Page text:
The sustained destructive campaign of punching down on every effort of the Matabeleland movement and the ridicule directed at it by a section of Matabeleland Zimbabwe conservatives and/ or lobbyists who would rather preserve the status quo whatever the cost of doing so cannot be called a critique of the Matabeleland movement but deplorable destructive criticism. While constructive critics punch across lines, identify specific areas and more important, give specific, actionable suggestions, destructive critics target the whole organisation in an attempt to tear it down.
Opposition to the Matabeleland movement is no surprise. It is almost always comfortable for people to sit on the sidelines and critique the builder from afar. But the reality is that those who will cause changes to the Matabeleland space are those who build not ones who persistently question the qualifications of the bricklayers.
The torrent of destructive criticism of the Matabeleland movement by a small group of locals raises internal political concerns. We understand criticism, but mockery of ideologies you disagree with is neither constructive nor respectful nor helpful, and when you cannot respect those you disagree with, it is arrogant to expect to be listened to by the same people.
How we deal with these destructive critics will define the movement’s trajectory; we will either be distracted or consumed by the comments from these people. The bigger question is: Do we need to invest time engaging with people who are opposed to the ideology? How do you start to negotiate with people whose sole purpose is your destruction?
Every one of us is a leader in their own way and our focus should be improvement of people’s lives, and human rights and freedoms go beyond political partisanship; leaders are judged by their ability to negotiate and work with others to achieve goals, and not rewarded for obstruction, standoffs, and single-minded focus on ideological victories and pandering to their political base.
The power to assert the Matabeleland movement ultimately rests with the current generation of Matabeleland leaders who, we believe, have a duty, capacity and privilege to take the movement to heights previously unimagined. To do that, we should reflect on the systemic threat and attacks to the Matabeleland movement posed by such toxic critics as those often encountered on social media.
It is appalling that the toxic political climate perpetrated in Matabeleland by a few but persistent and committed individuals is becoming a major threat to progress; ultimately, it is making it untenable for Matabeleland movements to effectively express their aims and goals on the ground.
We are not against or afraid of critics or criticism of movements, indeed no one and no opinion should be insulated from critique if we desire accountability and progress within the political space. The biggest difference and problem in the Matabeleland situation is that the loudest critics are not even remotely fans of the movement and all it stands for; they say things not to build but to silence and destroy the movement because they are essentially opposed and hate it. We are not talking of well-intentioned critics of an ideology but haters with ulterior motives.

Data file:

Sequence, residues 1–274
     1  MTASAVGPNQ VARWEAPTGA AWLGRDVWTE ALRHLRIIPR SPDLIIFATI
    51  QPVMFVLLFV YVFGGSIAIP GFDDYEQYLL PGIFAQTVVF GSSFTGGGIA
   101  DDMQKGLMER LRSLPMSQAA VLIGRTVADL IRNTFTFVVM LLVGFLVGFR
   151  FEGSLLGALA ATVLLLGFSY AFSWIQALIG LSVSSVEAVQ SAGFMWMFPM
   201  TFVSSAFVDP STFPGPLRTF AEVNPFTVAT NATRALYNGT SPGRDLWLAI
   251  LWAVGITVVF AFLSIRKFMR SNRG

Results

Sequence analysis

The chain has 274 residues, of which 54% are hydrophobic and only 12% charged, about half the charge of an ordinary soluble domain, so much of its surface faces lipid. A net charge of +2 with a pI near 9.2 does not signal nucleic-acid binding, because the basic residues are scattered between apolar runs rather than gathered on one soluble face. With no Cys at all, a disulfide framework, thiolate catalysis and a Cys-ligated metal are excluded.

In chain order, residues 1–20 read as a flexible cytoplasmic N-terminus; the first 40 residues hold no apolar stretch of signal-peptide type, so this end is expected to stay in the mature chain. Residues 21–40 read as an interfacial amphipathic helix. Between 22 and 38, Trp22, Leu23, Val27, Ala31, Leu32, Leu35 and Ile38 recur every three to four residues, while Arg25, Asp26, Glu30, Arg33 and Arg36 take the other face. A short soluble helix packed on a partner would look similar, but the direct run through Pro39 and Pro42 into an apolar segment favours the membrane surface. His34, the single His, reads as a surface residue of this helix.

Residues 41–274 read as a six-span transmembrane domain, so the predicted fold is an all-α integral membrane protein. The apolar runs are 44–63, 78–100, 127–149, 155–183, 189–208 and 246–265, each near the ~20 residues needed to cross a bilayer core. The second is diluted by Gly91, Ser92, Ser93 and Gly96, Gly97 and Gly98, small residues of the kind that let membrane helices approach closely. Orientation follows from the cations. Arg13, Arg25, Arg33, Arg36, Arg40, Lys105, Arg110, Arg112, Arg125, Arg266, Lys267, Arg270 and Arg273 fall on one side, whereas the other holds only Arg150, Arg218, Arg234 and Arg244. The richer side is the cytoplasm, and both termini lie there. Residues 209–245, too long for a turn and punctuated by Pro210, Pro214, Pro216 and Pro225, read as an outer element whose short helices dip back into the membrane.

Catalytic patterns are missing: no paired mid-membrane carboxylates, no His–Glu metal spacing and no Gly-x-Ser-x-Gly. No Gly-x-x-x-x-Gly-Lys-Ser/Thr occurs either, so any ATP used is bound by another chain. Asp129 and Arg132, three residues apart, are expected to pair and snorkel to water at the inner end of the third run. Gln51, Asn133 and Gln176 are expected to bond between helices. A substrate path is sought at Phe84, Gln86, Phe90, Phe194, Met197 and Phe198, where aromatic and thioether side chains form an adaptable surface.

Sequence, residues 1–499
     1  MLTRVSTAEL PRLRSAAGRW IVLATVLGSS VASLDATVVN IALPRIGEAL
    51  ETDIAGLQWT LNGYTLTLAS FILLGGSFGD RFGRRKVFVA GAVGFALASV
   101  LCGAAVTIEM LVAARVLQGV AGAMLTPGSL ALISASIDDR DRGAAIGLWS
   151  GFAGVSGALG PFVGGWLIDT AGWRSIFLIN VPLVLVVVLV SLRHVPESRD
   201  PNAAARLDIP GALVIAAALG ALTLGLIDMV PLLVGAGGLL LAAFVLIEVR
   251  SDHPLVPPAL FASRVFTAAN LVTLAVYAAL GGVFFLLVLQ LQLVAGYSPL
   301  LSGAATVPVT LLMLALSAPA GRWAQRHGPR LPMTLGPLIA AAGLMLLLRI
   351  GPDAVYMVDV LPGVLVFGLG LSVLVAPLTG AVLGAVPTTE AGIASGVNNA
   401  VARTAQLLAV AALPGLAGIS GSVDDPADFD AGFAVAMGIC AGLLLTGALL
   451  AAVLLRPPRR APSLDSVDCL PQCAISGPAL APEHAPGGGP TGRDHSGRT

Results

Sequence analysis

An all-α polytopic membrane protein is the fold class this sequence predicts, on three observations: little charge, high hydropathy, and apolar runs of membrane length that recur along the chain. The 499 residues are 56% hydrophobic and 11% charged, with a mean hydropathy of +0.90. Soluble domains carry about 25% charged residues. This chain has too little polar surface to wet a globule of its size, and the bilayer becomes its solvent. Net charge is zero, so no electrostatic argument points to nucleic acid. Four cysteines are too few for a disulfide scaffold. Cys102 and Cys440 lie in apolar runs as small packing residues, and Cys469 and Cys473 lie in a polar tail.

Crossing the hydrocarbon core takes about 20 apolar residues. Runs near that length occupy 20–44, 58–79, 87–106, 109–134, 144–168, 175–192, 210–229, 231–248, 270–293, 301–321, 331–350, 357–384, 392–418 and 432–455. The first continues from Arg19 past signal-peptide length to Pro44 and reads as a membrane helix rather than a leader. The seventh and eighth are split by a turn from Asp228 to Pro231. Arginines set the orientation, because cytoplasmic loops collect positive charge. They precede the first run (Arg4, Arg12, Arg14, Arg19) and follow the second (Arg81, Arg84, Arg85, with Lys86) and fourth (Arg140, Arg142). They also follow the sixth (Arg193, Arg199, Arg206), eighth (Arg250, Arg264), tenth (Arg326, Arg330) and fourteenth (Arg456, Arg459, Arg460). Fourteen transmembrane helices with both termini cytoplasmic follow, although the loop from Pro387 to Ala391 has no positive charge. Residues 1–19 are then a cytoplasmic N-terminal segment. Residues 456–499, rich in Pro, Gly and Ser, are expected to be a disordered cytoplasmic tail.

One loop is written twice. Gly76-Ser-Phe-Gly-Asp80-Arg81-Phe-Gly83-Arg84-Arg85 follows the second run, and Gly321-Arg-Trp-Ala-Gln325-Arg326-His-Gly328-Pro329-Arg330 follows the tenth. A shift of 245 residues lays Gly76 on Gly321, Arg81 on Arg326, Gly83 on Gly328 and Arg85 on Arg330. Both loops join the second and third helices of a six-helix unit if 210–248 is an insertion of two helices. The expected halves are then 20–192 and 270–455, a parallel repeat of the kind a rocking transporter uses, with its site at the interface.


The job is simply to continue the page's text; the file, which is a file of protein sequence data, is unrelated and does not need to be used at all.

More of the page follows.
This is obtuse criticism from individuals whose criticism is outright malicious, demeaning and totally off-base. To call it by its rightful name, this is “destructive criticism” and we must not entertain it. This form of criticism is, by design, intended to harm, undermine, or even destroy the very soul of the Matabeleland movement, reputation and capital. These individuals are mercilessly attempting to rip apart the Matabeleland movement ideology by publicly denigrating its credibility and abilities.
Destructive criticism differs from constructive or even negative feedback because it is not intended to help the movement, in fact it is just the opposite. The critics have an agenda to push, that is, to silence the Matabeleland movement while promoting mainstream, one Zimbabwe, politics.
In principle, this destructive criticism is a by-product of a longstanding toxic politics of Zimbabwe where intolerance, abuse of opposition, impunity, corruption, lack of accountability among other inappropriate behaviour has permanently shaped the political culture. In the Zimbabwe political space, destructive criticism is condoned (or even encouraged).
In our conclusion we emphasise that we have no objection to criticism but it is specifically destructive criticism that we are rejecting, and we will actively pay no attention to it. Nothing constructive can be built from investing time to destructive posturing; destructive criticism does not build fundamentally because it is not meant to, rather it is meant to undermine hence it is characterised by an emphasis on objection to something, only with the purpose of showing that it is wrong, false, mistaken, nonsensical, objectionable, or disreputable. It is a blanket disapproval of something – it emphasises the downside without offering credible, actionable alternatives to remedy any perceived deficiencies.